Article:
Subscribe

Archive | Lexicon

Charles Olson

I take SPACE to be the central fact to man born in America, from Folsom cave to now. I spell it large because it comes large here. Large, and without mercy. It is geography at bottom, a hell of wide land from the beginning. That made the first American story: exploration. PLUS a harshness we still perpetuate, a sun like a tomahawk, small earthquakes but big tornadoes and hurrikans, a river north and south in the middle of the land running out of blood.

—Call Me Ishmael
 

䷜ The Abysmal Water / The Living Midnight

Next, the coming and going is traceless, the floating and sinking are indiscernible. The channels are stilled, energy stop: this is true intercourse. This what is what is called “the moon steeped in myriad waters.” When the celestial mind first stirs in the midst of that utter darkness of the unknown, this is the return of initial positive energy. This is “living midnight.” Once the celestial mind stirs, then use pure attention to raise it up to the camber of THE CREATIVE, with the light of spirit focused on the crown of the head to guide it. This is acting in time.

—The Secret of the Golden Flower
 

Joseph Brodsky

A person sets out to write a poem for a variety of reasons: to win the heart of his beloved; to express his attitude toward the reality surrounding him, be it a landscape or a state; to capture his state of mind at a given instant; to leave – as he thinks at that moment – a trace on the earth. The black vertical clot of words on the white sheet of paper presumably reminds him of his own situation in the world, of the balance between space and his body. The immediate consequence of this enterprise is the sensation of coming into direct contact with language or, more precisely, the sensation of immediately falling into dependence on it, on everything that has already been uttered, written, and accomplished in it.

 

From this week’s New Yorker:
brodsky_NYorker

Carl Jung

Whoever speaks in primordial images speaks with a thousand voices; he enthralls and overpowers…he transmutes our personal destiny into the destiny of mankind, and evokes in all those beneficent forces that have enabled humanity to find a refuge from every peril and to outlive the longest night.

 

Gotthold Ephraim Lessing

Physical beauty results from the harmonious action of various parts which can be taken in at a glance. The poet, who must necessarily detail in succession the elements of beauty, should therefore desist entirely from the description of physical beauty as such. He must feel that these elements arranged in a series cannot possibly produce the same effect as in juxtaposition…and that to conceive the effect of certain eyes, a certain mouth and nose taken together…surpasses the power of human imagination.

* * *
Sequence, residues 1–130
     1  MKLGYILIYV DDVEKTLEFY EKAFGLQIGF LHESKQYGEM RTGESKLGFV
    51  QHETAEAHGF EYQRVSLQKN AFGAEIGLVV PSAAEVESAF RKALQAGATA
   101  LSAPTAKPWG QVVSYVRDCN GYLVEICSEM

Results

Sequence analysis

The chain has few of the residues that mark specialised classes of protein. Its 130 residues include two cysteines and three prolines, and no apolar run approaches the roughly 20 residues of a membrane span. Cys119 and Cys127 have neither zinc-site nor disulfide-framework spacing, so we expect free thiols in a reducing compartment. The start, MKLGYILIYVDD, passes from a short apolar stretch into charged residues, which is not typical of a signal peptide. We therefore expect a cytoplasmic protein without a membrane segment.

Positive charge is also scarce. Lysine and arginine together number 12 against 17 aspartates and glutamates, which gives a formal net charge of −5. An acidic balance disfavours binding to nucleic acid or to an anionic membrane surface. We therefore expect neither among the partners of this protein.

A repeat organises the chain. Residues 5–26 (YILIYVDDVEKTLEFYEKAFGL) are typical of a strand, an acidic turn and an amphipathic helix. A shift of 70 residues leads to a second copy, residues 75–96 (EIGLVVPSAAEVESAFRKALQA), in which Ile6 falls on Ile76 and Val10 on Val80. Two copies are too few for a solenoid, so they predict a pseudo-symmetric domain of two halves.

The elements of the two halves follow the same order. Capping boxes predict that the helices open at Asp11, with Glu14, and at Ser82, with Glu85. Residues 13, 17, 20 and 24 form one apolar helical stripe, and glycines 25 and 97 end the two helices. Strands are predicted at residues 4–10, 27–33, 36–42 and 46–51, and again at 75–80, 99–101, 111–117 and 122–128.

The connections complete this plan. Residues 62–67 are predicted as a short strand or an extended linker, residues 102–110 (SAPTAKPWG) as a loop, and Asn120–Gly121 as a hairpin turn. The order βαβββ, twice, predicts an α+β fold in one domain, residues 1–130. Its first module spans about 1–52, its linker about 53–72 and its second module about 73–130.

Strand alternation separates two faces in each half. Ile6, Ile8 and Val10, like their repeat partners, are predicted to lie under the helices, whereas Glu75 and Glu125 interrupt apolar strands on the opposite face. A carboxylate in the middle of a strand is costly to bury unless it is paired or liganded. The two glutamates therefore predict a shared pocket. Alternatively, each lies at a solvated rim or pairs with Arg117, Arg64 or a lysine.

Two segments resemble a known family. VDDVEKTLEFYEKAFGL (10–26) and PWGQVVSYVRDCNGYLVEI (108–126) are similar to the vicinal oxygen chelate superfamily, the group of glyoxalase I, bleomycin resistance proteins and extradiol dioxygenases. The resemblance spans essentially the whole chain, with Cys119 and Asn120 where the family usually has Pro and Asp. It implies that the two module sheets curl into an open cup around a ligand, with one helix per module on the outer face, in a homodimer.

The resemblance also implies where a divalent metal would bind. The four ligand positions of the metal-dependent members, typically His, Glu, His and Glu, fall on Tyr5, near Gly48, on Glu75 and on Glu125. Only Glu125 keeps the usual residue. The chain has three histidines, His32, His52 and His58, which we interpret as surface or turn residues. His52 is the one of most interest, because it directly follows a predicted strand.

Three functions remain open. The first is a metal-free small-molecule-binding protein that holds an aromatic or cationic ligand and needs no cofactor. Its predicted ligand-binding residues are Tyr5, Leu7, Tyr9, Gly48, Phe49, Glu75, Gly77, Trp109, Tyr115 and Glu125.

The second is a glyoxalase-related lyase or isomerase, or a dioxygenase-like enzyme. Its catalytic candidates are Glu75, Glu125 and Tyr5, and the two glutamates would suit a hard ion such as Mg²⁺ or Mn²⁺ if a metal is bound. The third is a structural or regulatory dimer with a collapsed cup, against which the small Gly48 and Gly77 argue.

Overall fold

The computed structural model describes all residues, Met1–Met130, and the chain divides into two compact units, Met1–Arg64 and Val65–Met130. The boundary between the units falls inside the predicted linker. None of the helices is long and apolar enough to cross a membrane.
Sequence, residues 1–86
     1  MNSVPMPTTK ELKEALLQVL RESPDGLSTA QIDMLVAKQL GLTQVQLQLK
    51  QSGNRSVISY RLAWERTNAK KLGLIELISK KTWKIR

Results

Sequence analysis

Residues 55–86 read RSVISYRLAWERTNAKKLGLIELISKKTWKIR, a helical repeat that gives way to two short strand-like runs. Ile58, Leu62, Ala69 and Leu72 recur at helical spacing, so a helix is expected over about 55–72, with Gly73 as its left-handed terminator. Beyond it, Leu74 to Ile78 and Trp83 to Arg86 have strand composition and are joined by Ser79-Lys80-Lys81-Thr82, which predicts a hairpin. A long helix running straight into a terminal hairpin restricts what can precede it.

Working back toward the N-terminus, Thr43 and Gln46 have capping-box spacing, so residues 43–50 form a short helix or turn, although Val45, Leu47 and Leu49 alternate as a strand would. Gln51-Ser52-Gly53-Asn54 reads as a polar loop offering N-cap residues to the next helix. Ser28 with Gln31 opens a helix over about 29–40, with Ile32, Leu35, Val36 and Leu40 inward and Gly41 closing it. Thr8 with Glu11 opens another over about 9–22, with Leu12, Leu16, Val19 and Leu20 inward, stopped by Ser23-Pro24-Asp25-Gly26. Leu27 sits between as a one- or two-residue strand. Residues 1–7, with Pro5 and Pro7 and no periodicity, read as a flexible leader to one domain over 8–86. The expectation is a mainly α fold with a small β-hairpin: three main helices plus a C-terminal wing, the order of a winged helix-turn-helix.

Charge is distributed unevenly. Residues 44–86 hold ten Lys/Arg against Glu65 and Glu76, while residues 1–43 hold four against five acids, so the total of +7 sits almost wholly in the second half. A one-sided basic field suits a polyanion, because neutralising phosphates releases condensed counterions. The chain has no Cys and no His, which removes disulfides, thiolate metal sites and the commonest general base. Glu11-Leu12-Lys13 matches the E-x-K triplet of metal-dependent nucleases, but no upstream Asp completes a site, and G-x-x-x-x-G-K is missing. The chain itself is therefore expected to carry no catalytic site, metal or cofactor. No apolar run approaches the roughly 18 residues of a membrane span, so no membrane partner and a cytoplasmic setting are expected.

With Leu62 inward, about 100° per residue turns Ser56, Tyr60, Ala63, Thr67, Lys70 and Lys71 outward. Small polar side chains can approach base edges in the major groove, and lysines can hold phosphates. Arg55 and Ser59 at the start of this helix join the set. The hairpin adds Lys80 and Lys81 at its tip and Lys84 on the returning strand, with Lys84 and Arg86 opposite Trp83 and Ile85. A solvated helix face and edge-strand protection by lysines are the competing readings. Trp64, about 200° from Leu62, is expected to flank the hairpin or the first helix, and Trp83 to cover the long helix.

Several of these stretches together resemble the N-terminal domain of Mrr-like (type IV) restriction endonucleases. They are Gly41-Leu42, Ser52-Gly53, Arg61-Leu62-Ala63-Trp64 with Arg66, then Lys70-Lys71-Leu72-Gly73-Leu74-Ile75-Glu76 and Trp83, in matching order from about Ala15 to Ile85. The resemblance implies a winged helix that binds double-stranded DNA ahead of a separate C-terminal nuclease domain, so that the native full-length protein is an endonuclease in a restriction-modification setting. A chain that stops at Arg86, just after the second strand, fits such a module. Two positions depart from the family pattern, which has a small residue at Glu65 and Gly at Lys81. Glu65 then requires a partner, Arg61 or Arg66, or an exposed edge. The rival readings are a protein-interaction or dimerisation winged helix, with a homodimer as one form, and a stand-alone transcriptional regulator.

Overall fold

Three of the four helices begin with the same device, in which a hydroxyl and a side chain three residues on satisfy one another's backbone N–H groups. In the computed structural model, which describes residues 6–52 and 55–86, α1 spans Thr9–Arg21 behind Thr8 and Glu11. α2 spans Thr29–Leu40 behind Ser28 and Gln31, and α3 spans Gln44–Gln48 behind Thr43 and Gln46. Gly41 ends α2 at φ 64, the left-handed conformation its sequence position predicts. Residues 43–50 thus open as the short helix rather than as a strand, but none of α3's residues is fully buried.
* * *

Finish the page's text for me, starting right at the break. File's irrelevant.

—Laocoön

Mary Reufle

What you carried inside you when you walked through the door was this ability. It is your ability to apprehend beauty, or the lack of it. It is your ability to listen. And change, or be changed. It has something to do with the secret of human existence, which is nowhere revealed, and nowhere concealed, and in front of which we remain, or become, infants.

 

Gaston Bachelard

Fire suggests the power to change, to speed up the passage of time, to bring all of life to its conclusion, to its hereafter. In these circumstances, the reverie becomes truly fascinating and dramatic; it magnifies human destiny; it links the small, it links the small to the great, the hearth to the volcano, the life of a log to the life of the world. The fascinated individual hears the call of the funeral pyre. For him destruction is more than a change it is a renewal.

—The Psychology of Fire
 

Susan Howe

Conversion is a sort of death, a falling into Love’s powerful attraction. Power is pitiless once you have put it on. The poet is an intermediary hunting from beyond form, truth beyond theme through woods of words tangled and tremendous. Who owns the woods? Freedom to roam poetically means freedom to hunt.

—My Emily Dickinson
 

Robert Bringhurst

1.1 Letters have a life and dignity of their own

Letterforms that honor and elucidate what humans see and say deserve to be honored in their turn. Well-chosen words deserve well-chosen letters; these in turn deserve to be set with affection, intelligence, knowledge, skill. Typography is a link, and it ought, a s a matter of honor, courtesy, and pure delight, to be as strong as the others in the chain.

Writing beings with the making of footprints, the leaving of signs. Like speaking, it is a perfectly natural act which humans have carried to complex extremes. The typographer’s task has always been to add a somewhat unnatural edge, a protective shell of artificial order, to the power of the writing hand.

—The Elements of Typographic Style
 

Jane Hirshfield

Modern consciousness no longer conceives of a noble cause that is not haunted, nor of a beauty that is not also terrifying. We have learned that every gift carries its price. Everywhere we look, the theme appears: wisdom, at least in the west, is obtained through transgression and paid for in suffering. The journey into maturity, whether seen in Odysseus or Aeneas or the joined figures of Persephone and Demeter, must pass through the underworld realms of uncertainty, fear, and death, before the green and peaceful life the hero longs for can be restored—and both world and self are irrevocably changed by that immersion.

 

Susanna Childress

There   needs   to   be   no   right   word       There   needs   to   be   a   wide   hole       a

whole mouth     where the right word       isn’t